CBO: Federal Debt to Surpass GDP in FY25; Deficit to Add $1.6T in FY24, Grow to $2.6T by FY34

Craig Bannister | February 8, 2024
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The nation’s debt and deficit crisis will significantly worsen, starting with the next fiscal (FY2025), the Congressional Budget Office (CBO) warned Wednesday, releasing its budget and economic outlook for 2024-2034.

The public debt is projected to rise from $26.2 trillion at the end of 2023 to $48.3 trillion at the end of 2034, pushing the amount of federal debt higher than the nation’s economic output:

  • As a percentage of the Gross Domestic Product (GDP), the debt is poised to rise from 97.3% in FY2023 to 99.0% of GDP in FY2024, then hit 101.7% in 2025.
  • Debt will then continue to rise, to 116% of GDP in 2034 – and 172% of GDP in 2054. The highest percent on record is 106%, set in 1946 as the U.S. was coming out of WWII.
  • The debt increase from FY2024-FY2034 will be fueled by steep increases in mandatory spending (such as Social Security and Medicare) and interest costs.
  • Beginning in FY2025, net interest costs will be the highest percentage of GDP on record (since 1940).


Federal Debt percent of GDP
Source: Congressional Budget Office (CBO)


The outlook for the national deficit is also bleak. After setting a record high for any non-COVID pandemic year in FY2023 ($1.7 trillion), the budget deficit is projected to remain in the $1.6-1.8 trillion range through FY2027, then steadily rise to trillion $2.6 trillion in 2034.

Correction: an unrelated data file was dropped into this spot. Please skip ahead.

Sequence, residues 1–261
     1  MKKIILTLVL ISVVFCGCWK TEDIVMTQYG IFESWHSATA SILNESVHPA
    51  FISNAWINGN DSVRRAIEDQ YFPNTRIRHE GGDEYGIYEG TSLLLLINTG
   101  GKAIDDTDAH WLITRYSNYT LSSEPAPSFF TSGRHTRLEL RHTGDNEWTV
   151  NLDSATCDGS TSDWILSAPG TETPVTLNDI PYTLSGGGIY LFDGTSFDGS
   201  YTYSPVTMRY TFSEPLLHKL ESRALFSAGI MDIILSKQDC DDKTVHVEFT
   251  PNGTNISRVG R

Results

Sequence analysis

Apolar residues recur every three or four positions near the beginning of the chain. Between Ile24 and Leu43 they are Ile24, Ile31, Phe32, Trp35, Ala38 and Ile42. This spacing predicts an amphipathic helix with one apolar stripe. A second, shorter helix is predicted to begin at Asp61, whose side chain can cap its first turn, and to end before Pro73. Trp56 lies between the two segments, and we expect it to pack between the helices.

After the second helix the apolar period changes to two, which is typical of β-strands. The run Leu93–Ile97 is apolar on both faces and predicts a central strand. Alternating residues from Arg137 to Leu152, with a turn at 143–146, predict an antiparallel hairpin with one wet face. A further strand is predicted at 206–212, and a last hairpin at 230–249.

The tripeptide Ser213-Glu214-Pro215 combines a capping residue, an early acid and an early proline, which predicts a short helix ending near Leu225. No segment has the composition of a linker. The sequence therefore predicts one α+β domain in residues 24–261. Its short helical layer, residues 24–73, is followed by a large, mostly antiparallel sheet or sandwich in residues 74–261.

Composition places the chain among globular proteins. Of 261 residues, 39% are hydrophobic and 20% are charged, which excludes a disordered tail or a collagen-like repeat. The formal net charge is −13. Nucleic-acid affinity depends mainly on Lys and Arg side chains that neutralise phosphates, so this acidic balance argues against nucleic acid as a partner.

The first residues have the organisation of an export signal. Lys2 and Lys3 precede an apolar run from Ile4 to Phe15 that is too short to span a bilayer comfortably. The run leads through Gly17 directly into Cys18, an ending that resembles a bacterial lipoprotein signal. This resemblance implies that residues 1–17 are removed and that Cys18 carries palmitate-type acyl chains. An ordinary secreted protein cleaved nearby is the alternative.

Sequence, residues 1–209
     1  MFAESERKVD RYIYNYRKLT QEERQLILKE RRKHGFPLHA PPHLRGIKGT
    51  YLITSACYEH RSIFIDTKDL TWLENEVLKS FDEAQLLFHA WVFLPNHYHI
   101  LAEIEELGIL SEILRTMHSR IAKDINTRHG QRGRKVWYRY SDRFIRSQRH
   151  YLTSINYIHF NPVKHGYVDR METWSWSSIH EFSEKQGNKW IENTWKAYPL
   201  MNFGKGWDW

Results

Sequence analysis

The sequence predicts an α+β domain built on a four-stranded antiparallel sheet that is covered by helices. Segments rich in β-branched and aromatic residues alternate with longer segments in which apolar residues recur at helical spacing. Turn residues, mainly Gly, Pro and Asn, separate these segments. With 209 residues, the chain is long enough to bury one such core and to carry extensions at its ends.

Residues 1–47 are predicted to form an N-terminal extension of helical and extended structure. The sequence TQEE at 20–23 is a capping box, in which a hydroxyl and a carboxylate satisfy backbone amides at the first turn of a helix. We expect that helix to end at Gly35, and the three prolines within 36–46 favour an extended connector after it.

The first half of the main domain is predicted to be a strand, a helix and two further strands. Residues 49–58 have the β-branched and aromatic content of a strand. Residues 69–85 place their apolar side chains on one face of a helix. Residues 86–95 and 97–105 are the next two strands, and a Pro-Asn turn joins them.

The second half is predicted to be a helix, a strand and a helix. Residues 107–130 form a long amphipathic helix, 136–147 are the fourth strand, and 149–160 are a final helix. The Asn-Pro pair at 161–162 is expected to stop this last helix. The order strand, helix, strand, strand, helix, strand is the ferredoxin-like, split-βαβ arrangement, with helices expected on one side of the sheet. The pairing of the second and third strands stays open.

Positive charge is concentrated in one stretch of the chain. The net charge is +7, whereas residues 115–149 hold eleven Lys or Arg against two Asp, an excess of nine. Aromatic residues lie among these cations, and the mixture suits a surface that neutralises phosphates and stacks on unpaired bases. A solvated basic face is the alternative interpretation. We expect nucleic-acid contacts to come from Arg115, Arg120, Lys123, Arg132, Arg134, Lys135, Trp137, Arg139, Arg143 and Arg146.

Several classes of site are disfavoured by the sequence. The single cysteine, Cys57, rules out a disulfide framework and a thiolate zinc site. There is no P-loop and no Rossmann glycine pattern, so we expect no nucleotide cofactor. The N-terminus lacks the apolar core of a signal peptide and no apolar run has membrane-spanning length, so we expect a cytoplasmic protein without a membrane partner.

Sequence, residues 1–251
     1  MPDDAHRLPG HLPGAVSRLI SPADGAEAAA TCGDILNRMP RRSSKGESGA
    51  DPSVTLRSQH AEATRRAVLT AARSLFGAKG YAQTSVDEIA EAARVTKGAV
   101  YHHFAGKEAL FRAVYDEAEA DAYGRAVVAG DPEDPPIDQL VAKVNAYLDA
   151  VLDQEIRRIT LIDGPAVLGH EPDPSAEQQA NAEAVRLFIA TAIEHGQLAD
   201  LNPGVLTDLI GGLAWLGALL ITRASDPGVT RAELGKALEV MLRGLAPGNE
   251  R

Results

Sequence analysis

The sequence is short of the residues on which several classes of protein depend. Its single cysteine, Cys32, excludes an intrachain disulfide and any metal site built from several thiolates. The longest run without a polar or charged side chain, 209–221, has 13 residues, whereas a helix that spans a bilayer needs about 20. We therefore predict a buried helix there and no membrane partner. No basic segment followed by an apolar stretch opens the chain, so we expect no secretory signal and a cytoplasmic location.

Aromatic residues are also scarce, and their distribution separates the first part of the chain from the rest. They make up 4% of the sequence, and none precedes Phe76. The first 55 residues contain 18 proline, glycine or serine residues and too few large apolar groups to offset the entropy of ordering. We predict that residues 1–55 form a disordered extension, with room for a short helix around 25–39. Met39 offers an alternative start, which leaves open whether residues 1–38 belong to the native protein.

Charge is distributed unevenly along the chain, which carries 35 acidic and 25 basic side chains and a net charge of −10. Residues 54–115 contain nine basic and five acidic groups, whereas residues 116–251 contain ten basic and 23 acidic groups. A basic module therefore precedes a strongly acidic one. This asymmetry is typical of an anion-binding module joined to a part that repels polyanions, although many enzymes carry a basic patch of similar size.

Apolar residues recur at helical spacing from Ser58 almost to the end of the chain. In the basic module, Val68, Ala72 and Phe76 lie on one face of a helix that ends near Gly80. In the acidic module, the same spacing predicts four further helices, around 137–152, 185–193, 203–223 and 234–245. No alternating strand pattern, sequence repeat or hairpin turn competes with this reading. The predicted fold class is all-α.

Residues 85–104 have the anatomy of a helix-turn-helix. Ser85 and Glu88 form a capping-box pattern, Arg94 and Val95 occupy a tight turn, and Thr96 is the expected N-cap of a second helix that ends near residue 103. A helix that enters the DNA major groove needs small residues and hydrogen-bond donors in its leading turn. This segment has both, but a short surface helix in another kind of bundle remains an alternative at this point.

The deficit will amount to 5.6% of GDP in FY2024, growing to 6.1% in FY2025, the same level as in 2034 – but, still significantly higher than the 3.7% that deficits have averaged over the last 50 years.

In the past, the deficit as a percent of GDP has only been this high during times of crisis, the CBO notes:

“Since the Great Depression, deficits have exceeded that level only during and shortly after World War II, the 2007–2009 financial crisis, and the corona­virus pandemic."

Concerns about the deficit have been exacerbated by the ongoing budget battle in Congress, leaving the government’s future funding levels up in the air, as CNN explains:

“CBO’s deficit projection will likely add pressure to congressional lawmakers who have yet to agree on funding for federal agencies for fiscal year 2024. House GOP lawmakers are pushing to cut spending to narrow the deficit, but divisions on Capitol Hill have forced Congress to pass three short-term funding bills to avoid government shutdowns.

“The latest deal keeps federal agencies funded into early March.”

The business and economic reporting of CNSNews.com is funded in part with a gift made in memory of Dr. Keith C. Wold.